Why Shopping Can be Such an Emotional Process

Shopping for clothes.

800273-woman-in-formal-chair-surrounded-by-shoes-and-dresses-frustrated-with-shoppingHow does that sentence make you feel?  Does it fill you with a sense of wonder and excitement about discovering something new, or does it fill you with dread, and make you feel like ripping your hair out in frustration because you can’t find anything you like that fits?  Have you been reduced to tears because you can’t find a style that works for you?

Ever thought about the emotional investment that goes into our appearance?images-1

Do you know where that started?  Maybe it began in childhood when you were scolded for scuffing your good shoes, or maybe you had to wear clothes that didn’t fit right and they were uncomfortable, maybe they were hand-me-downs, and you always felt second best.  Maybe your body has changed and you just don’t know how to dress it to suit your shape anymore. Maybe you’re so frustrated, you’ve given up trying to look good at all.

Clothes really carry a lot of emotional baggage for us.  They not only tell a story about us to the rest of the world, they represent how we feel about ourselves.  Sometimes, we get that story right.  Other times, it gets lost in a confusing array of choices, colours and styles that we have no clue about.  Take sizing for example: Sizing is NOT standard across stores, or even brands.  I have had clients who are different sizes within the one brand, simply in a different style.  It’s confusing for a stylist, let alone a customer who has their self-esteem pinned on being a ‘certain size’.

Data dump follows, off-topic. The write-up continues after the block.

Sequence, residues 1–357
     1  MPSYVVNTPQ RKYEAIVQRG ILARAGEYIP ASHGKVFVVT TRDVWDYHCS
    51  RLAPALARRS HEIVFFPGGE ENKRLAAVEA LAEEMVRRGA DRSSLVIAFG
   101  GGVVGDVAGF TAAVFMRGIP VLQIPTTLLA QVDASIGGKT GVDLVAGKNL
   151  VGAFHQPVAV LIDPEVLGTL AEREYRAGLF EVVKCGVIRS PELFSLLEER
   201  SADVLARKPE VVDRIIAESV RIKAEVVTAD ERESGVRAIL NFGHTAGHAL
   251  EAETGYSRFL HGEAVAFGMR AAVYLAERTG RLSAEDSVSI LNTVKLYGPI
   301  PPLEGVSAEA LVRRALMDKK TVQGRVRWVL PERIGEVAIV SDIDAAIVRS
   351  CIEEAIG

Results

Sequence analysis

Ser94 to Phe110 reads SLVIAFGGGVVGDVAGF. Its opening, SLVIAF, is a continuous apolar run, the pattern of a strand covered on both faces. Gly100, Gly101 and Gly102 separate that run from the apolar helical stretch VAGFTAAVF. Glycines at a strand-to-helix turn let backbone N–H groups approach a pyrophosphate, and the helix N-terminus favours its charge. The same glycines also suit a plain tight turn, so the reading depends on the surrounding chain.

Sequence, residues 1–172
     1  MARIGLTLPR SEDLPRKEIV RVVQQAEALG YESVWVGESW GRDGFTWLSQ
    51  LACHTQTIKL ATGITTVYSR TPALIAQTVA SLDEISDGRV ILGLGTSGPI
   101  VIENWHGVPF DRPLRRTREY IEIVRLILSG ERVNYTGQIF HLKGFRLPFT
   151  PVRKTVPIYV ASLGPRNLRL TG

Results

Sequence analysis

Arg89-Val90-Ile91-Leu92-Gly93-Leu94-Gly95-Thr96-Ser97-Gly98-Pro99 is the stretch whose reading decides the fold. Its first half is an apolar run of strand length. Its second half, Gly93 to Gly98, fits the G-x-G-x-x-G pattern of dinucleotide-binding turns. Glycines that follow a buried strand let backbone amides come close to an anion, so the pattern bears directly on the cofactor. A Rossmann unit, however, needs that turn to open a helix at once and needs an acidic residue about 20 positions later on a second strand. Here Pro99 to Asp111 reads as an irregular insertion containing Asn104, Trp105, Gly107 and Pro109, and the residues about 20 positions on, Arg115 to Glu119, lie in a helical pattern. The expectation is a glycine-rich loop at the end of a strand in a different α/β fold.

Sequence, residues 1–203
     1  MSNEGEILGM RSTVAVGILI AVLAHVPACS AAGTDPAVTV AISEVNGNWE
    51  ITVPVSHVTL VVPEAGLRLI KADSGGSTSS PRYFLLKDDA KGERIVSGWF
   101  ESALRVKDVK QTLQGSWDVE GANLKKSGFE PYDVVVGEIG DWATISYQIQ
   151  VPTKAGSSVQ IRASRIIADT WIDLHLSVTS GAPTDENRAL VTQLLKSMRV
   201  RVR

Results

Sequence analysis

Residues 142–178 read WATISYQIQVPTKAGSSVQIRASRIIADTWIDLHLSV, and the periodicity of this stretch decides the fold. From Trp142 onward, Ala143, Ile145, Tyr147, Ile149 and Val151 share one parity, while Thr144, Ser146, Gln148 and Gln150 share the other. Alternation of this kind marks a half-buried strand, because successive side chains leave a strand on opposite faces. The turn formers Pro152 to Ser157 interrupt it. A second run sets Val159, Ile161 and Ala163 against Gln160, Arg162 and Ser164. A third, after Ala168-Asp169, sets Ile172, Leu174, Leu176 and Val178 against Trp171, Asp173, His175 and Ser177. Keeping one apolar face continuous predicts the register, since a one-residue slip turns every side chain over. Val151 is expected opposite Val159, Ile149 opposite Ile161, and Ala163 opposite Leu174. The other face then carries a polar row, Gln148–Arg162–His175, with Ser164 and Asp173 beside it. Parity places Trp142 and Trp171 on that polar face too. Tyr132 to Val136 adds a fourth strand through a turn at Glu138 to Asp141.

Shopping for clothes is really a simple process – if you take the emotion right out of it.

When I take you shopping, we are on an assignment that we have both agreed to.  We have a list.  We have direction.  I am not making a judgement about the sizes I am handing to you, I am not making any negative judgements about your size whatsoever.  It doesn’t matter to me the size of your garments.  What matters is that they fit you correctly.  Personally to me, the sizing standard makes no sense, and it’s not worth getting upset about.  It is a number that identifies one garment from another on a rack.

As for giving up on your appearance just because the manufacturers can’t get it right, well, that’s just sad.  Come shopping with me, I’ll make you look good.  And I’ll take the pain out of it.  Call me.

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